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Samsung's million-IOPS, 6.4TB, 51Gb/s SSD is ... well, quite something

Five full drive writes a day for five years? This is serious

Samsung_PM1725a
Samsung PM1725a AIC drive

VMworld Samsung is showing off a monster million IOPS SSD that can pump out read data at 6.4 gigabytes per second and store up to 6.4TB.

NVMe PCIe is the fastest SSD interface, blasting SAS and SATA out of the park and the early promise of Fusion-io is now being realised with 3D NAND PCIe flash drives.

The PM1725a [PDF] comes in both 2.5-inch dual-port NVMe 1.2 and PCIe HHHL NVMe formats, the 2.5-inch product being dual-ported and sporting a gen 3 4-lane PCIe interface (32Gbit/s).

The half height, half length (HHHL) add-in-card version has an 8-lane gen 3 PCIe interface and its data delivery – 51.2Gbit/s – soars.

Both drives are made using Sammy’s third-generation V-NAND with 48 layers of TLC (3bits/cell) flash. The read/write latency is 90/20 µs, with Sammy telling us the QoS (quality of service, 99 per cent) latencies are 95μs reads/60μs writes. Endurance is five full drive writes a day for five years, making these drives a great fit for high-performance enterprise data centre server use – if, we suppose, you can afford them.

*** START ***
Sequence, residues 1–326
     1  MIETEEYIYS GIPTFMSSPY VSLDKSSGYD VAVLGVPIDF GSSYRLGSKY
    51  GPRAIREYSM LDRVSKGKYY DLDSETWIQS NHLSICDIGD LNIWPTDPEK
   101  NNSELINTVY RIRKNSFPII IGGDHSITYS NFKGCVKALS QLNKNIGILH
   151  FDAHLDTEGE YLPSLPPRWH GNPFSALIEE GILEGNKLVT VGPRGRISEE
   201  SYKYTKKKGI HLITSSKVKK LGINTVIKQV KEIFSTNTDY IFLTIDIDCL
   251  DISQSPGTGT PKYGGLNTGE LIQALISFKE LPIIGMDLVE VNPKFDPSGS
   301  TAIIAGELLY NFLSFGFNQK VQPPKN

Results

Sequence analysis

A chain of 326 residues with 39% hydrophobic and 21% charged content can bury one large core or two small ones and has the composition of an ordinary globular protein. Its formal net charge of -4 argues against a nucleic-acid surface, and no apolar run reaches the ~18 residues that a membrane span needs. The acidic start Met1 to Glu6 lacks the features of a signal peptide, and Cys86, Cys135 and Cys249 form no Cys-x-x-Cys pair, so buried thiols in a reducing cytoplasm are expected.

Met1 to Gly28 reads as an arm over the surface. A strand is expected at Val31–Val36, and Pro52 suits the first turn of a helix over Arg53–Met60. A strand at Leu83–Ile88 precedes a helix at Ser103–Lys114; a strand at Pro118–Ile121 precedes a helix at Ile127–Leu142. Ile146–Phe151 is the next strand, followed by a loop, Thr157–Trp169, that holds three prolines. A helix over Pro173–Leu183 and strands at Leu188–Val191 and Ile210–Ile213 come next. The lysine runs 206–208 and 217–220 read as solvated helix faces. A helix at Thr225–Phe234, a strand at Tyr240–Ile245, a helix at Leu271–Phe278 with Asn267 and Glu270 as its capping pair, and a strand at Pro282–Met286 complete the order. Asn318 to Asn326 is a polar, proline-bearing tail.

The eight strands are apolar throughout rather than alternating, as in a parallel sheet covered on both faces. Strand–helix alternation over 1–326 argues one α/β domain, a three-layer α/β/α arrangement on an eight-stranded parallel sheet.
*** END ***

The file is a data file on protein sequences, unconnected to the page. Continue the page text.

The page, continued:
Performance data:

  • 2.5-inch (dual-port)
    • Random read and write IOPS – up to 800,000 and 160,000
    • Sequential read and write bandwidth – up to 3.3GB/sec and 2.9GB/sec
  • HHHL PCIe AIC (Add-in Card)
    • Random read and write IOPS – up to 1,080,000 and 170,000
    • Sequential read and write bandwidth – up to 6.4GB/sec and 3GB/sec

NVMe is at the 1.2 level. A Samsung EPIC controller is used and capacitor-based power fail protection is provided. The drives have a two million hours MTBF rating.

This is Sammy's third generation V-NAND with 48-layers and a 256Gbit die. We understand fourth generation, 64-layer V-NAND with a 512Gbit die is coming and it's easy to think of a capacity doubling next year.

Servers fitted with these PM1725a suckers will simply fly and, for performance data servers, disk and disk-based SATA and SAS interfaces are now dinosaur tech. ®

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